July 31, 2006 / Issue No. 1-06
 
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Water
Court Orders EPA to Set Limits on Sediment in Construction Runoff
U.S. Supreme Court Sides with AGC; Limiting Reach of Clean Water Act in 5-4 Ruling
EPA Extends Deadlines for Preparing, Amending Oil Spill Plans
Waste
New Resources Explain Lead Safe Work Practice and Disposal Requirements
EPA Issues Guidance on PCB Site Remediation
Air
AGC's CEO Meets with EPA Administrator on Costly Clean Air Proposal
New Standards for Highway Diesel Fuel Take Affect: Watch for Disruptions
EPA Clean Diesel Collaboratives Seek AGC Chapter, Member Participation
Federal Agencies Advance Implementation of Environmental Reforms Included in New Highway Law
Green Construction
Federal Agencies Commit to Sustainable Buildings
EPA Releases Guide on Writing Specifications for Green Federal Projects
News & Events
Register Now for AGC’s 2006 Midyear Meeting
AGC’s Environmental Agenda Commits to Further Improve Performance of Construction Industry
EPA Reports on Construction Industry Environmental Performance
AGC Releases Environmental Management Systems Training Workshop CD-ROM
UPDATE: Online Compendium of Environmental Stewardship Practices Now in User-Friendly Format
AGC/Aon Build America Awards; Accepting Environmental Category Submissions Now

  New Standards for Highway Diesel Fuel Take Affect: Watch for Disruptions

Refiners were required to begin shipping ultra-low-sulfur diesel (ULSD) fuel for highway use on June 1.  Calif. refiners and importers must produce/import exclusively ULSD as of June 1 (for other states, refiners must produce 80% ULSD for highway use, no new requirement for nonroad).  Industry remains concerned that the transition could create fuel supply disruptions, price increases, and operational challenges.

Although refiners have been scrambling to install the necessary equipment, it is possible that localized shortages and breakdowns will occur.  These problems could affect offroad diesel as well.  Supply disruptions may occur because ULSD could easily be contaminated in pipelines and fuel terminals that also transport high-sulfur products.  Price increases also are predicted: EPA estimates the cost of diesel fuel will increase by at least five cents per gallon.  To this end, trucking executives and engine manufacturers claim that ULSD’s lower energy content will force truck operators to buy more fuel to run the same number of miles, which may drive up fuel prices.  In addition, engine manufacturers are expecting operational challenges -- mainly a power loss of 1% to 3% -- when the ULSD reaches diesel retail outlets later this year.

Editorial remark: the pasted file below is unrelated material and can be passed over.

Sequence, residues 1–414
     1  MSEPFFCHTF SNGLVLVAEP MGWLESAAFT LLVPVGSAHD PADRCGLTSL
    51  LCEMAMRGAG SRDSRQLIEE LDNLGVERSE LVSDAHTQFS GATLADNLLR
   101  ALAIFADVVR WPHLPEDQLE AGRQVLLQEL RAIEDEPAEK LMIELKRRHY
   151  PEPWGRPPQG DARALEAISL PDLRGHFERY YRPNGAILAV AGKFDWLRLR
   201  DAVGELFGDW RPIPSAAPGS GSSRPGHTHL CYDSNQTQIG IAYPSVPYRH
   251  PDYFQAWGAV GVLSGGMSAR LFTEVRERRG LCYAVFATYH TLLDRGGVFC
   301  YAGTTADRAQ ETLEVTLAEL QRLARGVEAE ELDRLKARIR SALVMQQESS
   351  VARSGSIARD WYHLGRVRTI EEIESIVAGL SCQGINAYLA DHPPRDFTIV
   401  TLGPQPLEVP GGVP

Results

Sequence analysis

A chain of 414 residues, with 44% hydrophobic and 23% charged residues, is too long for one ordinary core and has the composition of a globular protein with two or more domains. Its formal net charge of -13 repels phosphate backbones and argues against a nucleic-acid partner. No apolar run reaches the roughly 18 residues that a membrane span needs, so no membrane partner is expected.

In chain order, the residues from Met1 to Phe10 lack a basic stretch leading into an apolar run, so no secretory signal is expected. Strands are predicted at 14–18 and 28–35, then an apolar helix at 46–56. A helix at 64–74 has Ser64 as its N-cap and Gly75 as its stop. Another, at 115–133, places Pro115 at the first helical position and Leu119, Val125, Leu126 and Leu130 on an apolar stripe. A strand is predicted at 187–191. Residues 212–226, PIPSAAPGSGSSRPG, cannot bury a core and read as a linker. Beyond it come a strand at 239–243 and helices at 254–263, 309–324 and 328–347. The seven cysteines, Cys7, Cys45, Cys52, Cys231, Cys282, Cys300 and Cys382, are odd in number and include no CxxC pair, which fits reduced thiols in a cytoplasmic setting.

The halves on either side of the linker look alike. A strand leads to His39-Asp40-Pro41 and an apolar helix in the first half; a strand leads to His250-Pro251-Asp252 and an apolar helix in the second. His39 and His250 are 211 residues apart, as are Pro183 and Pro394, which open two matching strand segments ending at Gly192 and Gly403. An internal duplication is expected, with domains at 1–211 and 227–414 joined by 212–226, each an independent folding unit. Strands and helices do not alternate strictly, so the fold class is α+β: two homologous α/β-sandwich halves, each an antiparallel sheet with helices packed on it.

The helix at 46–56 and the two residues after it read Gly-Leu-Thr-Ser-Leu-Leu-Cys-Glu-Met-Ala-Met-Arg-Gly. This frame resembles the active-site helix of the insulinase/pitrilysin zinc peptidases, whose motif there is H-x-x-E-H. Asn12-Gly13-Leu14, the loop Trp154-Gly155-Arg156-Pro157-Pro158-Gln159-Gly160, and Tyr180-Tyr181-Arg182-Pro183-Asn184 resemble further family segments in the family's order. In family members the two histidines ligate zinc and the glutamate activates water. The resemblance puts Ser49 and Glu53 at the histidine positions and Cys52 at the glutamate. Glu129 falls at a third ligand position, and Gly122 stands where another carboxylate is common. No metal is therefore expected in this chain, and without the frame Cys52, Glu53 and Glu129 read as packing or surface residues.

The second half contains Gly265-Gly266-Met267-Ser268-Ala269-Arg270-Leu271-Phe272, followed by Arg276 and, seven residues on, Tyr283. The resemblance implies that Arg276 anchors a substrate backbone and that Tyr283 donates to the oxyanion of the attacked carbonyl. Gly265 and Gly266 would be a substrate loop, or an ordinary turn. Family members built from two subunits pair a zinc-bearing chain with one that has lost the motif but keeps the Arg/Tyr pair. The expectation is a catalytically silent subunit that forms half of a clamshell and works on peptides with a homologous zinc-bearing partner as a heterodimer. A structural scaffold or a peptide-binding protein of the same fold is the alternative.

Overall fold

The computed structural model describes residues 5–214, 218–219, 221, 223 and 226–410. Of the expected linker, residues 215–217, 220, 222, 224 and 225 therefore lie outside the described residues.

Federal regulations also require the labeling of ALL diesel pumps to specify the type of fuel dispensed as of June 1.  This requirement applies to contractors who maintain their own pumps to fuel trucks or offroad equipment.  In addition, there are separate deadlines for terminals, retailers, and vehicle owners to begin using ULSD.  There is a very clear website that shows the various deadlines and requirements for refiners/importers, terminals, retailers, and users of highway and offroad diesel, in Calif. and everywhere else at http://www.clean-diesel.org.  You can download pump labels from that site as well.

Background

EPA’s so-called “2007 Heavy-Duty Highway Diesel Rule” is responsible for establishing nationwide ULSD requirements, along with the most stringent diesel engine emission standards to date (66 FR 5135, Jan. 18).  As of June 1, refiners and importers had to cut the sulfur content of at least 80% of the volume of the highway diesel fuel they produce by 97%, from 500 parts-per-million (ppm) to 15 ppm.  Distribution terminals will have until September 1 and retailers will have until October 15 to complete their transitions to ULSD, pursuant to an extension notice published late last year (70 FR 70498, November 22, 2005).  The 500 ppm highway diesel will remain available in diminishing quantities until 2010.  

EPA has coupled its new standards for highway diesel fuel with new standards for heavy-duty highway engines.  That’s because such stringent engine emission standards would not be feasible without a fuel change.  Engine manufacturers have until model year 2007 to begin reducing emissions from diesel-powered, heavy-duty highway trucks by 95%.  (The rule allows manufacturers to phase-in compliance with the new standards between 2007 and 2010.)  To reduce engine emissions, manufacturers will install pollution controls similar to those already mandated for cars.  EPA estimates these controls will increase the cost of trucks by $1,200 to $1,900.
 
Heavy-duty diesel truck and engine makers are “on track” to produce clean-burning diesel trucks in the 2007 model year, according to statements made by many of the big players.   Pollution-control equipment being installed on the trucks includes particulate matter traps as well as catalytic converters to reduce nitrogen oxide emissions.  ULSD is necessary to prevent the pollution controls from being fouled by sulfur deposits. In addition, the cleaner fuel will greatly reduce sulfur dioxide emissions, according to EPA.

More Information

More information on EPA’s 2007 Heavy-Duty Highway Diesel Rule is available on the Internet. 
Web site: www.epa.gov/otaq/diesel.htm
Preamble: www.epa.gov/otaq/regs/hd2007/frm/frdslpre.pdf
Regulations: www.epa.gov/otaq/regs/hd2007/frm/frdslreg.pdf
 
In addition, you can click here to read an article written by AGC’s Chief Economist Ken Simonson -- “The Ultimate Low-Down on Ultra-Low Sulfur Diesel" -- which covers pricing, performance and reliability issues of interest to diesel truck operators. [ return to top ]